|• India Gate
At the center of New Delhi stands the 42m high India Gate, an “Arc-de-Triomphe” like Archway in the middle of a crossroad. Almost similar to its French counterpart war memorial. It commemorates the 70,000 Indian soldiers who lost their lives fighting for the British Army during the First World War and bears the names of more than 13,516 British and Indian soldiers killed in the Northwestern Frontier in the Afghan war of 1919. The foundation stone was laid by His Royal Highness, the Duke of Connaught in 1921 and was designed by Edwin Lutyens.
|• Qutab Minar
Among all the monuments in Delhi, perhaps this is the most famous. 15 kms south of Delhi, stands the soaring tower of victory, the Qutab Minar. The buildings in this complex, date from the onset of Muslim rule in India. The construction of the tower began in the year 1193, immediately after the defeat of the last Hindu Kingdom in Delhi. Qutb-ud-din may have started to build this just as aparticularly large minar associated with the mosque for calling people to prayer, or it may have been built as a victory tower. It is nearly 73 meters high and tapers from a 15-meter-diameter base to just 2.5 meters at the top. The tower has five distinct storeys, and each storey is marked by a projecting balcony. The first three storeys are made or red sandstone, the fourth and fifth of marble of sandstone.
|• Red Fort / Lal Quila
The Red Fort with red sandstone walls, popularly known as the Lal Quila extends for two kms and varies in height from 18 metres on the river side to 33 metres on the city side. Shah Jahan started construction of the massive fort in 1638 and it was completed in 1648. He was deposed and imprisoned in Agra Fort by his son Aurangzeb, before he could move his capital from Agra to Shahjahanabad in Delhi. Entry to the fort is Rs 0.50; free on Friday.
|• Lotus Temple
Located in Kalkaji in the south of Delhi, it is lotus shaped and has rightly been given the name. It is made of marble, cement, dolomite and sand. It is open to all faiths and is an ideal place for meditation and obtaining peace and tranquility.
|• Jama Masjid
Jama Masjid or the Jami Masjid was built by the Mughal Emperor, Shah Jahan, between 1644 and 1658 and is the final architectural piece built by him. Situated in the ancient town of Old Delhi, this pride of the Mughals was built by five thousand artisans. The mosque stands on Bho Jhala, which is one of the old Mughal capital cities of Shahjahanbad. Originally called the Masjid-i-Jahanuma, or “mosque commanding view of the world”, this magnificent structure is the largest and most exquisite mosque in India and is made up of alternate vertical strips of red sandstone and white marble.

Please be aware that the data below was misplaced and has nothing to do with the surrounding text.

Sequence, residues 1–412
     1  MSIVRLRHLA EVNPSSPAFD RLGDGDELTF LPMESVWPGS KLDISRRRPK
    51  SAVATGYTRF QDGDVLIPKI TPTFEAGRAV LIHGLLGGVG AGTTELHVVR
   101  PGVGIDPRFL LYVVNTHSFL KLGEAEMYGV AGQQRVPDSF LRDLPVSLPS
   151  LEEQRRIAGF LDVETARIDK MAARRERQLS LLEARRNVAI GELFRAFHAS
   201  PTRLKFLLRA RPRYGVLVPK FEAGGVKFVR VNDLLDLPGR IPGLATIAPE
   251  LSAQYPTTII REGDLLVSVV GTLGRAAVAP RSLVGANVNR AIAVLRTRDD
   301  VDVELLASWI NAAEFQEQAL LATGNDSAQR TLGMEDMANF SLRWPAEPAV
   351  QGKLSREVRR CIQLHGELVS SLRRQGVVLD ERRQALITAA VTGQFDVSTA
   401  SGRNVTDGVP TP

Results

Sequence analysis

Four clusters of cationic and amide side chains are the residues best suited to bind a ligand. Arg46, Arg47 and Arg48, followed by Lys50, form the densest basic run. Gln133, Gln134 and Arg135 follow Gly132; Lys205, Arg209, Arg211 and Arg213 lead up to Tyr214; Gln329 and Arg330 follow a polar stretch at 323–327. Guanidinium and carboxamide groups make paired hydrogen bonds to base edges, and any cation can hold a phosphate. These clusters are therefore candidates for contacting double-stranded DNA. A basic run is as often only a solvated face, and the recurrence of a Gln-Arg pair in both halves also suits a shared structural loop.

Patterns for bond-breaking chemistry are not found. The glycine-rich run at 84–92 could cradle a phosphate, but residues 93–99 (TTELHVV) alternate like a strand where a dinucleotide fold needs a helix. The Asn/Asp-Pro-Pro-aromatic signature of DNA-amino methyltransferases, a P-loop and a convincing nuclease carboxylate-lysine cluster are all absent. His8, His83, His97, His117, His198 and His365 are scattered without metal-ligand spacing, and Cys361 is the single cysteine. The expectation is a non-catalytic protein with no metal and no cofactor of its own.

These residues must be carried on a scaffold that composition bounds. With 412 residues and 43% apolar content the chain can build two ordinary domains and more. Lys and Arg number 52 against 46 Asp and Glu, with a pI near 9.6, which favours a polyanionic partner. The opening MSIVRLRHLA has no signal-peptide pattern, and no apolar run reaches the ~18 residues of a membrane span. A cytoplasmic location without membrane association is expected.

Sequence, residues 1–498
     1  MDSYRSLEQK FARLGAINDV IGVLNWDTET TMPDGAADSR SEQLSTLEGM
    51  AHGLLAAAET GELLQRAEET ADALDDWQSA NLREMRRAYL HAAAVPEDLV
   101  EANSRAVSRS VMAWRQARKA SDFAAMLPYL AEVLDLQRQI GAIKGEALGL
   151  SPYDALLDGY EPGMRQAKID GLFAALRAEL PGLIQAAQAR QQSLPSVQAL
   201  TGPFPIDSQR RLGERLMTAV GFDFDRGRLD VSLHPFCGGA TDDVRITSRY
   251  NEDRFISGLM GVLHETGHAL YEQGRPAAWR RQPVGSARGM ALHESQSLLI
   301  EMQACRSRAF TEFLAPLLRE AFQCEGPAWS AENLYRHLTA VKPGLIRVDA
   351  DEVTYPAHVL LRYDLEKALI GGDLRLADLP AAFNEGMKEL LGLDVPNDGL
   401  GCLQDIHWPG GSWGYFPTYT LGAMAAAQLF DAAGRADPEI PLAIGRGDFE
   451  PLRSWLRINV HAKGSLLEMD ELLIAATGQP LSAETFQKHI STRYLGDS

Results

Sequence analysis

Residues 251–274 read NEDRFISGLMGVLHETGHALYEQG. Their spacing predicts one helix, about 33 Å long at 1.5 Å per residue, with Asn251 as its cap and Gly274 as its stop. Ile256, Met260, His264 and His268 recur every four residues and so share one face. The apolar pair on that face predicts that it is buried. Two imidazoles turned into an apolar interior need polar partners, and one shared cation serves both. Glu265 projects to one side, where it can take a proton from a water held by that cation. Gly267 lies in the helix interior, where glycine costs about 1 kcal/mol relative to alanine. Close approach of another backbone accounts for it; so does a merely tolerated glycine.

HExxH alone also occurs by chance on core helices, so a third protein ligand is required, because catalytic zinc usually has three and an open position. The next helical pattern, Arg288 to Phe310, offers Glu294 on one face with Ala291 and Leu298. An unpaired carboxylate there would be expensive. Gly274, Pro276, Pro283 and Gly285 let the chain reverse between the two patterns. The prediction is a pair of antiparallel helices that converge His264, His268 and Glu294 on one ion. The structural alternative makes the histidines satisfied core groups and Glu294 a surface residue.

|• Jantar Mantar
The fabled Connaught Place area created and envisioned by the legendary architect, Lutyens, boasts of an observatory of yore in the form of Jantar Mantar. According to the rays of the Sun falling on it, it helped the people calculate to some extent the time of the day. Jantra(yantra-meaning instrument) and mantra-formula) was built in 1724 by Maharaja Jai Singh of Jaipur, who later built observatories on the same lines in Jaipur, Ujjain, Varanasi and Mathura. According to historical records, the Maharaja found the then existing astronomical instruments to record totally accurate observations and so he decided that such bigger structures should be constructed. The instruments at Jantar mantar are fascinating for their novel approach, though as opf today, they cannot be relied upon to give the kind of accuracy that they gave then because of the growth of multistoreyed structures around it which block the avenues of measurement. At one time the lawns in the area were used as a spot for protestors who found it convenient to reach Parliament House from there. But recently a host of them were removed from there and the area restored to its pristine glory.
|• Gurudwara Bangla Sahib
A magnificent and spacious bungalow in Delhi owned by Raja Jai Singh Amber (Jaipur) who commanded great respect and honour in the court of Mughal Emperor Aurangzeb now enjoys the status of a holy shrine called Gurdwara Bangla Sahib. The eighth Guru Sri Harkishan had stayed here for a few months as guest of Raja Jai Singh. Since then it has become a place of pilgrimage for both, Hindus and Sikhs. They pay their respect to the memory of Guru Harkrishan, nominated as successor by the seventh Guru, Sri Har Rai. He passed away on October 6, 1661 A.D. When only a little over five year old, he had been tried and tested as a perfect fearless and fully illuminated soul.
|• Birla Mandir
The Laxmi Narayan Mandir (temple) built by B.D. Birla is a modern Hindu temple dedicated to Laxmi (goddess of wealth) and Narayana (the preserver). It was inaugurated by Gandhi with the stipulation that it should be open to all castes (including the untouchables) and all faiths